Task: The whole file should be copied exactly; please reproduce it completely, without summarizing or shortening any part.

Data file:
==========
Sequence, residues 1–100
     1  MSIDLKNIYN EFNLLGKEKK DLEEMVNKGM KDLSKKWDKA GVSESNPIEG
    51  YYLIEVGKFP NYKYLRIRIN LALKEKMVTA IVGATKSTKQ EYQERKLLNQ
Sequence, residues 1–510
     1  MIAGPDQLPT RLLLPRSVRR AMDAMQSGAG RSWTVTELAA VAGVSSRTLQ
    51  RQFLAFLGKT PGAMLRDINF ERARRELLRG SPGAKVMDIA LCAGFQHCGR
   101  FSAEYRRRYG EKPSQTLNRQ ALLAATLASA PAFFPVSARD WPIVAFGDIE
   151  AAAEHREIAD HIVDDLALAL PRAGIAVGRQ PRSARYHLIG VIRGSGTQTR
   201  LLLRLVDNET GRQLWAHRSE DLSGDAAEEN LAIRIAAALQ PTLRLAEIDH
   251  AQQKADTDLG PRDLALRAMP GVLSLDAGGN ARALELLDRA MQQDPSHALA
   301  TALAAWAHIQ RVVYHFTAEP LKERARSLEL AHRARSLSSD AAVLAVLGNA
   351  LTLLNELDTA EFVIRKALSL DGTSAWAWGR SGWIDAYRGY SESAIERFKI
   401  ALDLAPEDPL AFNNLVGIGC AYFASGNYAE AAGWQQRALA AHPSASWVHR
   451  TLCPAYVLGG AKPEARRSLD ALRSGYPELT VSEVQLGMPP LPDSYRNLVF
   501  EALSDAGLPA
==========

Sequence, residues 1–100
     1  MSIDLKNIYN EFNLLGKEKK DLEEMVNKGM KDLSKKWDKA GVSESNPIEG
    51  YYLIEVGKFP NYKYLRIRIN LALKEKMVTA IVGATKSTKQ EYQERKLLNQ
Sequence, residues 1–510
     1  MIAGPDQLPT RLLLPRSVRR AMDAMQSGAG RSWTVTELAA VAGVSSRTLQ
    51  RQFLAFLGKT PGAMLRDINF ERARRELLRG SPGAKVMDIA LCAGFQHCGR
   101  FSAEYRRRYG EKPSQTLNRQ ALLAATLASA PAFFPVSARD WPIVAFGDIE
   151  AAAEHREIAD HIVDDLALAL PRAGIAVGRQ PRSARYHLIG VIRGSGTQTR
   201  LLLRLVDNET GRQLWAHRSE DLSGDAAEEN LAIRIAAALQ PTLRLAEIDH
   251  AQQKADTDLG PRDLALRAMP GVLSLDAGGN ARALELLDRA MQQDPSHALA
   301  TALAAWAHIQ RVVYHFTAEP LKERARSLEL AHRARSLSSD AAVLAVLGNA
   351  LTLLNELDTA EFVIRKALSL DGTSAWAWGR SGWIDAYRGY SESAIERFKI
   401  ALDLAPEDPL AFNNLVGIGC AYFASGNYAE AAGWQQRALA AHPSASWVHR
   451  TLCPAYVLGG AKPEARRSLD ALRSGYPELT VSEVQLGMPP LPDSYRNLVF
   501  EALSDAGLPA